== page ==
WHAT IS BLOOD PRESSURE(B.P) AND HIGH BLOOD PRESSURE(HYPERTENSION)?
High blood pressure or hypertension means high pressure in the arteries. Arteries are vessels that carry blood from the pumping heart to all the tissues and organs of the body. High blood pressure does not mean excessive emotional tension, although stress andemotional tension can temporarily increase blood pressure. Normal blood pressure is or below 120/80; blood pressure between 120/80 and 139/89 is called "pre-hypertension", and a blood pressure of 140/90 or above is considered high.
The top number, the systolic blood pressure, corresponds to the pressure in the arteries as the heart contracts and pumps blood forward into the arteries. The bottom number, the diastolic pressure, represents the pressure in the arteries as the heart relaxes after the contraction. The diastolic pressure reflects the lowest pressure to which the arteries are exposed.
An elevation of the systolic and/or diastolic blood pressure increases the risk of developing heart (cardiac) disease, kidney disease(renal), hardening of the arteries (atherosclerosis or arteriosclerosis), eye damage, and stroke (brain damage). These complications of hypertension are often referred to as end-organ damage because damage to these organs is the end result of chronic (long duration) high blood pressure. For that reason, the diagnosis of high blood pressure is important so efforts can be made to normalize blood pressure and prevent complications.
It was previously thought that rises in diastolic blood pressure were a more important risk factor than systolic elevations, but it is now known that in people 50 years or older systolic hypertension represents a greater risk.
HOW IS BLOOD PRESSURE( B.P ) MEASURED?
Blood pressure is measured with a blood pressure cuff and recorded as two numbers, for example, 120/80 mm Hg (millimeters of mercury). Blood pressure measurements are usually taken at the upper arm over the brachial artery.
- The top, larger number is called the systolic pressure. This measures the pressure generated when the heart contracts (pumps). It reflects the pressure of the blood against arterial walls.
- The bottom, smaller number is called the diastolic pressure. This reflects the pressure in the arteries while the heart is filling and resting between heartbeats
The recommended guidelines to define normal and high blood pressure.
- Normal blood pressure less than 120/80
- Pre-hypertension 120-139/ 80-89
- High blood pressure (stage 1) 140-159/90-99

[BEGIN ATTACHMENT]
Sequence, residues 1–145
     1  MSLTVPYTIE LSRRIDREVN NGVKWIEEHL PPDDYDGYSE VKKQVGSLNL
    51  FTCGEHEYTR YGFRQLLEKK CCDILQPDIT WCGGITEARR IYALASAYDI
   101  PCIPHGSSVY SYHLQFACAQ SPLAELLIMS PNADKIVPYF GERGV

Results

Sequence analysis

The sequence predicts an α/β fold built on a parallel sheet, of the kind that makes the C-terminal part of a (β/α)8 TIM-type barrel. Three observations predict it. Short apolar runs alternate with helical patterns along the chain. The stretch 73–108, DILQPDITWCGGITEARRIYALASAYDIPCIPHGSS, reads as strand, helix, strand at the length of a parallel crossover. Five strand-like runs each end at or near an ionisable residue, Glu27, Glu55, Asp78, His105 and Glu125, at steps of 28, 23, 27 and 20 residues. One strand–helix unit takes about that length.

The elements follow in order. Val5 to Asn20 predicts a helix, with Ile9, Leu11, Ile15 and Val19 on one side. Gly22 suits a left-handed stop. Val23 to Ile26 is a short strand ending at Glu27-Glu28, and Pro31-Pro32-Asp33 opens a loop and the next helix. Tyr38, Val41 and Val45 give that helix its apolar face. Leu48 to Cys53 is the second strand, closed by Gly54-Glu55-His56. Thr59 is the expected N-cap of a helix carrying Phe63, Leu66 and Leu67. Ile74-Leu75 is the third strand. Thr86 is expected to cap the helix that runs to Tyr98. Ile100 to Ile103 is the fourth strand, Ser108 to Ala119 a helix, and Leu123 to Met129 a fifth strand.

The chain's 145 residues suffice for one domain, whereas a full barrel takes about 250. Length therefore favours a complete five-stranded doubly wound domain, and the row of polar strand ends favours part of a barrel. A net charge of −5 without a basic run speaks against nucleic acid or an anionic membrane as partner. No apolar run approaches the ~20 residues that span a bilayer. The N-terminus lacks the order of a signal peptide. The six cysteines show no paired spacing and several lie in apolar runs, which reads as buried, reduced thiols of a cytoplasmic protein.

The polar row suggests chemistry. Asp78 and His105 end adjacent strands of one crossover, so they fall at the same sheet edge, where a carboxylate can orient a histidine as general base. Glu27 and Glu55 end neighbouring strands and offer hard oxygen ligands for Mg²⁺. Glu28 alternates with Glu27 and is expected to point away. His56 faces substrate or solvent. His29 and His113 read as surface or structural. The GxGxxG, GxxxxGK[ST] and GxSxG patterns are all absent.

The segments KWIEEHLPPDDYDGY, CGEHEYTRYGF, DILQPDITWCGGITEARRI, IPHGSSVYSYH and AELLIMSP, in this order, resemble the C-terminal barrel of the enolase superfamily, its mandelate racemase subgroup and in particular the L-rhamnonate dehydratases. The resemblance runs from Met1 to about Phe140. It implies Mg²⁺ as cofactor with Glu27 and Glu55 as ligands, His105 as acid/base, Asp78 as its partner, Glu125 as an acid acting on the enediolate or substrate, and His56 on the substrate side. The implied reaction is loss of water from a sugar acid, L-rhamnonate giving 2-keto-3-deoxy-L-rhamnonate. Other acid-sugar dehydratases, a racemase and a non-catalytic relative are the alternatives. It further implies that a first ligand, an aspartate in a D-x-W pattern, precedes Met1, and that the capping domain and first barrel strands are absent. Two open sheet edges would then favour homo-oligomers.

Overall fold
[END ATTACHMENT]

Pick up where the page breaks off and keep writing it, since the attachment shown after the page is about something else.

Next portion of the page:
- High blood pressure (stage 2) higher than 160/100
What are the Symptoms of High Blood Pressure?
High blood pressure usually causes no symptoms and high blood pressure often is labeled "the silent killer." People who have high blood pressure typically don't know it until their blood pressure is measured.
Sometimes people with markedly elevated blood pressure may develop:
- blurred vision,
- nausea and vomiting, and
- chest pain and shortness of breath.
- Heart attack
- Heart failure
- Stroke or transient ischemic attack (TIA)
- Kidney failure
- Eye damage with progressive vision loss
- Peripheral arterial disease causing leg pain with walking (claudication)
- Outpouchings of the aorta, called aneurysms
- In malignant hypertension, the diastolic blood pressure (the lower number) often exceeds 140 mm Hg.
- Malignant hypertension may be associated with headache, lightheadedness, nausea, vomiting, and stroke like symptoms
- Malignant hypertension requires emergency intervention and lowering of blood pressure to prevent brain hemorrhage or stroke.
What is White Collar Hypertension?
White coat hypertension, more commonly known as white coat syndrome, is a phenomenon in which patients exhibit elevated blood pressure in a hospital setting but not in other settings. It is believed that this is due to the anxiety some people experience during a hospital visit.
How can high blood pressure be controlled?
Blood pressure control is a lifelong challenge. Hypertension can progress through the years, and treatments that worked earlier in life may need to be adjusted over time. Blood pressure control may involve a stepwise approach beginning with diet, weight loss and lifestyle changes and eventually adding medications as required. In some situations, medications may be recommended immediately. As with many diseases, the doctor and patient work together as a team to find the treatment plan that will work for that specific individual.
- In about half of people with high blood pressure, limiting sodium intake by eliminating table salt, cooking salt, and salty and processed foods can reduce blood pressure by 5 mm Hg.
- Losing weight and participating in regular physical activity can reduce blood pressure further.
- If these lifestyle changes and choices don't work, medications should be added. The medications have been proven to reduce the risk of stroke, heart disease, and kidney problems.
How can we prevent having high blood pressure?
High blood pressure may be prevented by living a healthy lifestyle, including some of the following:
- eating a nutritious, low-fat diet;
- exercising regularly;
- decreasing salt (sodium) intake, read food labels so you know the salt content before you buy a product in the grocery store or eating a meal at a fast food restaurant, and avoid adding salt to foods;
- maintain a healthy weight and if you are overweight or obese, try to lose weight;
- drink alcohol in moderation;
- stop smoking;
- get routine health assessments and blood pressure screening;
- taking your blood pressure medications as directed, even if you're feeling fine; and
- reduce stress and practice relaxation techniques, physical activity will help with this.
- Keeping an aquarium may be good therapy for you. Studies going back as far as the late 80’s have shown that gazing at aquarium fish reduces stress and subsequently lowers blood pressure
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